With 2017 being the 10th anniversary of the iPhone, there have been numerous articles reminiscing on the historic device. The buzz got me thinking about the other side of smartphone world – what happened to all the other smartphones not named iPhone or Galaxy?
I spent much of my career in the smartphone world so I thought I’d reflect on some of the observations I gained over the years of working with virtually every single smartphone manufacturer gunning to take on the iPhone.
I first started visiting cell phone manufacturers in 2006 to talk about what features and products they wanted in their phones. At the time, the iPod was all the rage and every cell phone manufacturer on the planet was focused on integrating music and media into cell phones. At the time, Nokia was the undisputed champion of the cell phone world, with 40% market share, Motorola was riding high off of the glamour of the RAZR, and Blackberry was king of the nascent smartphone industry.
The iPhone came out in 2007 and in less than 10 years almost all of the big names – Nokia, Motorola, Sony Ericsson, hTC, Palm, Blackberry have all crumbled, been sold, or are on life support.
What happened? There were definitely a multitude of factors that contributed to each of the company’s decline, including many internal factors I’m probably not aware of, but I’ll highlight 3 observations I made from the hundreds of meetings and dozens of phone designs I was involved with.
The lack of speed to respond
When the iPhone was first released, at more than a few of the phone manufacturers I met with, the iPhone was viewed more as an interesting niche product than a massive threat. Granted, at different levels of the organization the sentiment may have been different, but at the level of people I was working with there was a strong belief that they were steering the industry and they knew what the market needed.
Apple and Google had a vision of where the future was heading and pushed aggressively into the smartphone OS and apps ecosystem. All other competing manufacturers/OS’s were caught off guard and either didn’t want to or were unable to react fast enough.
Even though the first Android phone came out in 2008 (the T-Mobile G1/HTC Dream, which was still far behind the iPhone), feature phones focused on MP3 playback or keyboards/texting were being rolled out for years by all the big names.
Motorola and Sony Ericsson wouldn’t introduce their first Android smartphone until 2010 and Nokia hung onto its dated OS Symbian all the way until 2011. By 2011 the hype inducing iPhone 4 had already been out for a year and Apple was already on the iPhone 4S, releasing groundbreaking features such as Siri. Others had just gotten into the touchscreen smartphone game.
By 2011 the hype inducing iPhone 4 had already been out for a year. Others had just gotten into the touchscreen smartphone game.
The difficulty of catching up
With every iPhone model being a massive success, and each “iPhone killer” fizzling out pretty fast, manufacturers went into scramble mode and released more and more phones, with more and more new features, all trying to finally make a dent at the iPhone. Many of the manufacturers went into panic mode but even they acknowledged they were behind Apple (ref Nokia’s burning platform).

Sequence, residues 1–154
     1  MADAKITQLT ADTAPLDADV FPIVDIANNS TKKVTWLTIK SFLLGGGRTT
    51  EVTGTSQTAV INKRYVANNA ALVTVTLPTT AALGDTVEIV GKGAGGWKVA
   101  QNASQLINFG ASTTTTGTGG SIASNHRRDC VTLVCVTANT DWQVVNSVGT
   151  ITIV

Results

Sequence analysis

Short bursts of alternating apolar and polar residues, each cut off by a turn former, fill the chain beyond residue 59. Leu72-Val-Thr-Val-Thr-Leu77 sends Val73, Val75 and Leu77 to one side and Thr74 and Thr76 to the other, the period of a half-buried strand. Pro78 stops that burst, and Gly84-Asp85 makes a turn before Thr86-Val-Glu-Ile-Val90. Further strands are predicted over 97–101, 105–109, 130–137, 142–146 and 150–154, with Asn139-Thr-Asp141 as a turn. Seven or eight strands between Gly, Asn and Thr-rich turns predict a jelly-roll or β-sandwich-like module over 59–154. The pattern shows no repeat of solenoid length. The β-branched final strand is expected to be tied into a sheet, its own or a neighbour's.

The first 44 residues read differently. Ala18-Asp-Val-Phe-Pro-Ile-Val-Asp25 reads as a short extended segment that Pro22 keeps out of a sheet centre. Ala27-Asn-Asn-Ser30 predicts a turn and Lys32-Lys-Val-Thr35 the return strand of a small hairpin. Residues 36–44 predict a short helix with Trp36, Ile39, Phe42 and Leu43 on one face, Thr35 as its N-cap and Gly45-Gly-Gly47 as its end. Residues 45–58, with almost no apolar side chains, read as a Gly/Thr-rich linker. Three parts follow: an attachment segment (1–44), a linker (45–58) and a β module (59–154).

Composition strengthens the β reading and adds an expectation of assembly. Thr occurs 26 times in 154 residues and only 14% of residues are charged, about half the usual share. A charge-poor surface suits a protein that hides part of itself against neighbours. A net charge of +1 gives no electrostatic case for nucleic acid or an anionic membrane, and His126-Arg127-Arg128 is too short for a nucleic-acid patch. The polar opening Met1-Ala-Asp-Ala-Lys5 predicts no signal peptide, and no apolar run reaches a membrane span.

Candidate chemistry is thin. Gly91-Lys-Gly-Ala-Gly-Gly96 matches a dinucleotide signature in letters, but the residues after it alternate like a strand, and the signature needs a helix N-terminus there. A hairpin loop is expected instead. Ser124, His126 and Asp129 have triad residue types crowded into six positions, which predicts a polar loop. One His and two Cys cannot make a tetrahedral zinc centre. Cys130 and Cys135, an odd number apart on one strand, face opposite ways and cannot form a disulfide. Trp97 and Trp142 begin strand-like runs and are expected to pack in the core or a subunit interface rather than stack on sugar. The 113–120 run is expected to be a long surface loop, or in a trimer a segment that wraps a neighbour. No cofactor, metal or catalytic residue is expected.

The onslaught of phone models, the rush to get them out, and the fact that manufacturers were all a few years behind Apple in know-how meant that many well intentioned, but half baked or inferior phones were released.
The cell phone manufacturers were no longer steering the industry, and were just desperately fighting to stay a player in the industry. Mediocre phones pitted against a stellar phone just pummeled the manufacturers harder.
Mediocre phones pitted against a stellar phone just pummeled the manufacturers harder.
The lack of marketing might
After a few years, manufacturers started coming out with phones that got stellar reviews and were legitimate challengers to the iPhone. The HTC One was released to critical acclaim in 2012, and the Sony Xperia Z, a waterproof and glass encased design beauty, was released in 2013. One could easily argue that these phones were as good as or better than the equivalent Samsung Galaxy, the reigning champ of the Android world.
But by now, it was near impossible for any manufacturer to garner any attention in a world drowning in Apple and Samsung’s marketing bravado. The carrier support, the omnipresent advertising, and the buzz were all absent for otherwise stellar smartphones, as well as for their even better follow up devices. Add in the fact that Samsung was releasing a new flagship twice a year (Galaxy S and Note) and virtually any phone that came out lost any buzz within a matter of weeks.
After 10 years of the iPhone, many of the remaining smartphone manufacturers have retreated from competing with Apple head on. Arguably, only Samsung remains.
Arguably, only Samsung remains.
What’s interesting now is that the gap between the iPhone and other devices now is sufficiently small and that the iOS/Android ecosystems are quite mature. The prior “smartphone wars” are over. But technology moves on and the death of smartphone industry stalwarts has birthed just as many new tech behemoths, with a whole new technology war brewing again.
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